Food hub could benefit Northfield if done right
May 1, 2013 • 808 views
The movement of local produce from farmers to institutions requires a community infrastructure that supports these relationships. For the last 10 years, Northfield residents have been considering whether they ought to create a “food hub” that would coordinate the aggregation, distribution and marketing of this local produce.
Food hubs are more than just a foodie trend; they give farmers faces and allow consumers to know from where their food comes and where their money goes. Being a part of the St. Olaf community, which could participate in this type of food hub, requires us to know how our college could restructure our relationship with the Northfield community’s local food producers.
Three Carleton environmental studies majors used their senior project as an opportunity to research whether or not the creation of a food hub would be an effective policy choice for Northfield. Casey Silver, Kristen Dooley and Sophie Daudon used existing food hubs and the Northfield Food Hub Alliance as a base for their discussion. They presented their findings at Just Food Co-op on April 9.
To make the food hub economically possible, institutions would have to shift money currently spent on non-local produce to local sources. This would require price agreements with farmers as well as the negotiation of appropriate certification. Whether buyers should contractually agree to a certain purchase before the season would also need to be considered. The farms would have to hold up a standard of environmental sustainability (which was not specifically outlined in the presentation) to justify the food hub purchases as environmentally beneficial. If the food hub could serve as a community space for classes on farming or food processing, it would maintain the relationships that have already been built between farmers and their buyers. Having a centralized distribution process would make it much easier for institutions to buy local produce. Additionally, the support from institutional purchasers could make local farms more economically stable, which would benefit Northfield as a whole. However, convenience cannot be the only criterion for success in this discussion.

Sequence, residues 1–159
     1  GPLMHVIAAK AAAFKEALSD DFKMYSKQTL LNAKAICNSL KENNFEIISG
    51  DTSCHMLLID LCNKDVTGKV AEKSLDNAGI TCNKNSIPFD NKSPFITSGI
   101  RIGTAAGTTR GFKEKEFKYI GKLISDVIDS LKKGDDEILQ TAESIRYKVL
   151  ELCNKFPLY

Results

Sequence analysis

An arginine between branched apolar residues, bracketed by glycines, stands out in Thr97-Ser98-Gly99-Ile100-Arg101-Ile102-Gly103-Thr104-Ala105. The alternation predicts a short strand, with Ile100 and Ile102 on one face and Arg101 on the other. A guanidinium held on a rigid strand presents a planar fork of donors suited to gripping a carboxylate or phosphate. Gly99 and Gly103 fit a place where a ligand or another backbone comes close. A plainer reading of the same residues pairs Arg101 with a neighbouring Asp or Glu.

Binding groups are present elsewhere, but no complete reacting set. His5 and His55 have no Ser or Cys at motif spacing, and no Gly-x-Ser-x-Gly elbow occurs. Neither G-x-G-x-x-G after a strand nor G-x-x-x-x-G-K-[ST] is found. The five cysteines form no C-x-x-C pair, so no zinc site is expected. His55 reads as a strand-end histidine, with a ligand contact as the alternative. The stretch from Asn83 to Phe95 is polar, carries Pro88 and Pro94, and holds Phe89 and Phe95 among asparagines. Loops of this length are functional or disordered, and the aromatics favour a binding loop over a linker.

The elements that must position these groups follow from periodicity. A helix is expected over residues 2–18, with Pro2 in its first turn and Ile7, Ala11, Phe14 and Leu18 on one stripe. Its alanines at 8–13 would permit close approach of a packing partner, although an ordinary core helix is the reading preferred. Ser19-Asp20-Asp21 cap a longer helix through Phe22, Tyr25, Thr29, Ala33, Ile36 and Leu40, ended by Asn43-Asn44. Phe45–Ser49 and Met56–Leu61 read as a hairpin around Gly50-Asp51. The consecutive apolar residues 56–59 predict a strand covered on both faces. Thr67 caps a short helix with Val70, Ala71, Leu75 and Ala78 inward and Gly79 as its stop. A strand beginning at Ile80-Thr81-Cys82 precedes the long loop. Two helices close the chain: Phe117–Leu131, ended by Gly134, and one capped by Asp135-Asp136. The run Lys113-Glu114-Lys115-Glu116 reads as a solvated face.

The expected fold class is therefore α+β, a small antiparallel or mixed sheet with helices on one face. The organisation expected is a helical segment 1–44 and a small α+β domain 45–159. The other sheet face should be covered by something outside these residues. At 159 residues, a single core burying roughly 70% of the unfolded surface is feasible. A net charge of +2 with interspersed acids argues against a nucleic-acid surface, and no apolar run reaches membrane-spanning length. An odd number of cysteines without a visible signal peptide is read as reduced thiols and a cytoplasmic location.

One concern voiced by interviewees was the potential loss of relationships between farmers and buyers. Adding a middleman would prevent these face-to-face interactions from occurring. Last spring, I organized and participated in the St. Olaf Farmer Dinner. Students invited farmers who sell to St. Olaf to have dinner in the Caf. Getting to know some of the people responsible for what I eat makes me remember that nothing just appears in the Caf, an assumption perpetuated in our current food system.
Additionally, the Northfield Food Shelf currently receives donations of excess produce from farmers who know they will not be able to sell all of their produce. By expanding the market for excess through the food hub, the Food Shelf will lose these donations.
The combination of these outcomes (both positive and negative) makes me consider the role St. Olaf ought to play in the Northfield community. We should seek to support local farmers, and most importantly, we should support them as individuals. Buying locally keeps our purchasing power near Northfield, showing that we are invested in the place where we study.
Caring about this place also means being aware of who has access to what resources. While I hope that St. Olaf continues to seek out local vendors for Caf food items, it should never come at the cost of Food Shelf clients. If we assume that we have a right as purchasers to whatever we can afford, we increase the bubble of our community. Being an institution with flexible purchasing power means leaving space for those who have less choice, but still need healthy options.
Seasonal difference between institutional timing and harvest serves as the major barrier to institutional purchase of local produce. A proposed aspect of the food hub was a processing facility, something that would create jobs and allow for value-added products (like jam) that have longer shelf lives. Northfield could benefit from such a facility, especially one that offered classes to further connect members of this food system.
The food hub Northfield needs would respond to food and nutritional education, acknowledge institutions’ ability to support local farms and enable access on a larger scale, but it cannot separate those institutions from the larger community in which they are located.
Annelise Brandel-Tanis ’14 (firstname.lastname@example.org) is from Chicago, Ill. She majors in studio art with a concentration in environmental studies.